[present culture] as a falsely homogenising reification. Multiculturalism considers itself the route to a more tolerant and inclusive society because it recognises that there is a diversity of cultures, and rejects the assimilation of these into the cultural traditions of the dominant group. Much recent literature claims that this exaggerates the internal unity of cultures, solidifies differences that are currently more fluid, and makes people from other cultures seem more exotic and distinct than they really are. Multiculturalism then appears not as a cultural liberator but as a cultural straitjacket, forcing those described as members of a minority cultural group into a regime of authenticity, denying them the chance to cross cultural borders, borrow cultural influences, define and redefine themselves” (Phillips 14).

This third problem is in the centre of Phillips’ proposal. Although a fluid definition of culture may seem like the path towards a world where multiculturalism is unnecessary, Phillips reasserts: culture matters. According to Phillips, although clearly culture does not exist as most people perceive it, there is clear social discrimination that occurs because of the perceived racialisation and culturisation of groups, independent of its actuality. Confronted to this, Phillips intends to propose is a notion of culture that is both theoretically accurate and useful for the creation of policies, one that considers universalism, egalitarianism and perceived “cultural” belonging. This is what Phillips calls “multiculturalism without culture”.

Multiculturalism and political theory

In political theory, the problematic meaning of the term “culture” has been many times overlooked, explains Phillips. Oftentimes in political theory, cultures appear as quasi-legal entities that reclaim certain rights in a unified way. This not only strengthens the notion that there is actual cohesion within minority groups, but also makes political actions in favour of cultural minorities dependent of this supposed internal cohesion and coherence that makes them different from the rest of society. The vision of culture fostered by these policies supposses that culture is innately oppositional and, therefore, hybrids of two or more cultures should be just considered  new entities, in order to be able to define them in oppositional terms.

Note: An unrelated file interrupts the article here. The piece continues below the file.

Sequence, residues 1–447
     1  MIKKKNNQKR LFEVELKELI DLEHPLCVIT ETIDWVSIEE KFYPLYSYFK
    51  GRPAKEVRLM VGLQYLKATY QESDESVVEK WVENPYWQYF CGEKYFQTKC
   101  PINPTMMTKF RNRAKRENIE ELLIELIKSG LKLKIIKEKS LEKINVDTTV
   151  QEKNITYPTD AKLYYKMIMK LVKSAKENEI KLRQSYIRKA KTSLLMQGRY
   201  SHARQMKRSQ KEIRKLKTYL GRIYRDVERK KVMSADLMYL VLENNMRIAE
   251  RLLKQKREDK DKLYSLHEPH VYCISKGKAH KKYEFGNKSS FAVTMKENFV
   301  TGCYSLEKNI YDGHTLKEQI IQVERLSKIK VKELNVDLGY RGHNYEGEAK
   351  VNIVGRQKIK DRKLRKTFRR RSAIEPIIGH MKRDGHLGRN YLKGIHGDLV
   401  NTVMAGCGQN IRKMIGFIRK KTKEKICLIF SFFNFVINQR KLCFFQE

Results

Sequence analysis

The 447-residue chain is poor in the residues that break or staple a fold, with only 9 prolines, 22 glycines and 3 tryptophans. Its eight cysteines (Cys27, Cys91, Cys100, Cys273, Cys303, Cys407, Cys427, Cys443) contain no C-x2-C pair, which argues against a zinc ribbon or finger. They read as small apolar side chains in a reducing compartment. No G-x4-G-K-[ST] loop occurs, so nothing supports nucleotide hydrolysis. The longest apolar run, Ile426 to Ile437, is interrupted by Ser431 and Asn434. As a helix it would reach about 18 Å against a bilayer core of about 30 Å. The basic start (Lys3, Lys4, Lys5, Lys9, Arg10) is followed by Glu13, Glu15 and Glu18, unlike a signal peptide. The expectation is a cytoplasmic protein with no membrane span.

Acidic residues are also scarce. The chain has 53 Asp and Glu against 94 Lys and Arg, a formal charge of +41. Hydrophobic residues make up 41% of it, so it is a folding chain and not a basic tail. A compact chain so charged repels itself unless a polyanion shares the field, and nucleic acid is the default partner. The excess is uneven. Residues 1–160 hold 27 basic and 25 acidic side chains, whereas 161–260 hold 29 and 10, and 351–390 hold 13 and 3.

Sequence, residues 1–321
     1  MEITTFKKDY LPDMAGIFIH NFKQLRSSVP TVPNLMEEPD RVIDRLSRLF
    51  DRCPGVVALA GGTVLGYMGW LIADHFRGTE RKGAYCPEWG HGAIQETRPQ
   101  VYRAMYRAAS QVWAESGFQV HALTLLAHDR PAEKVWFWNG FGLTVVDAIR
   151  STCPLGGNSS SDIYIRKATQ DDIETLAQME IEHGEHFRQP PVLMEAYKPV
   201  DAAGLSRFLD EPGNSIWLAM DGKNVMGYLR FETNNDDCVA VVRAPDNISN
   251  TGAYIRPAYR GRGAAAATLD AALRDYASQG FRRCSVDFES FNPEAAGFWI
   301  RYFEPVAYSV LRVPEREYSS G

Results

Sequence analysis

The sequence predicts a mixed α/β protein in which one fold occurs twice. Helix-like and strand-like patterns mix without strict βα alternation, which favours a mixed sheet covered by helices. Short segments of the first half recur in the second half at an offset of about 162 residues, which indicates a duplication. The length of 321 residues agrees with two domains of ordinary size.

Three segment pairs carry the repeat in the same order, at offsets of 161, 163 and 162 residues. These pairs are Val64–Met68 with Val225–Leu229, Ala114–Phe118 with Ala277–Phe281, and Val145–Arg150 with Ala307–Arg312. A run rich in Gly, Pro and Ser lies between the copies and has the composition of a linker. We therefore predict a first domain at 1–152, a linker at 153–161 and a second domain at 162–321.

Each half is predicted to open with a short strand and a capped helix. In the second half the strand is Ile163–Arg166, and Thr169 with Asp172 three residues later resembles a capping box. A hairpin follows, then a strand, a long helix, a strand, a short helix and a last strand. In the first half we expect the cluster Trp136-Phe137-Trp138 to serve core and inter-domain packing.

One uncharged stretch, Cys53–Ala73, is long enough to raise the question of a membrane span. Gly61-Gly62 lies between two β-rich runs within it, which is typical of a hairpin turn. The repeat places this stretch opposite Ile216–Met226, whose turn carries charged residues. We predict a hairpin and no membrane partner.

The lack of critical definitions of culture in political theory and policy making, according to Phillips, has fostered stereotypes and contributed to the retreat of multicultural policies in the Western world. Not questioning the concept of culture has radicalised the percetion of “otherness” that majority cultures have of minorities, making them perceive minorities as radically different in beliefs, values and norms, something very unlikely to be true. At least in part, the radicalisation of otherness srpung from the vision of culture promoted by governments with multicultural policies. This made it easier for anti-multicultural conservatives to present variety within society as a divisive force that promotes political instability.

Multiculturalism and feminism


Many feminists are aware of the dangers of an essentialist view of culture, since oftentimes those who act as guardians of a particular minority culture are the empowered male elders of the minority group. Thus, in many cases, as several feminist theorists have argued, multicultural policies overlook the needs and desires of oppressed groups within minorities, such as women.

For the same reason, the universalist framework of feminism has been accussed of discriminaation and bias in favour of “Western cultures”. Many feminists classify non-Western cultures as inherently patriatchal and incapable of change, while describing Western cultures as able of introducing changes that benefit women. This division represents changes in non-Western cultures as situations that critically endanger the whole existence of particular minority cultures. As a direct consequence arises criticism of multiculturalism. The abuse of women has been used to attack multiculturalism, since many atomatically identify non-Western cultures with illiberalism, while assuming Western culture always stands for liberalism, equality, democracy, etc.  Moreover, institutions and people not usually worried about the abuse of women seem now very concerned about abuse, but only when it takes place within non-Western minorities.

The apparent opposition between feminism and multiculturalism described above relies on the conflict between two, seemingly exclusive, ways of apporaching the relation between culture and women’s issues:

  1. EITHER cultures are inherently liberal or illiberal. These feminists apporach non-Western cultures as inherently illiberal and incapable of change, while describing Western cultures as liberal and improvable. This not only does not correspond with the reality of culture as a fluid process, but also underestimates the violence and oppression experienced by Western women.
  2. OR non-Westerners act according to their culture (and cannot be judged or ciritcised), while Westerners do it according to their personal choices. These feminists present any action of a racialised individual belonging to a minority is seen as a direct consequences of her/his culture, while actions of Western people are seen as their own personal decisions. Thus, according to this vision, when a white man beats his wife he is committing an aberration through a personal decision, while when a Muslim man does it, it is a consequence of his culture, as if he has no agency but only acts because of a pseudo-instinctive drive given by his culture.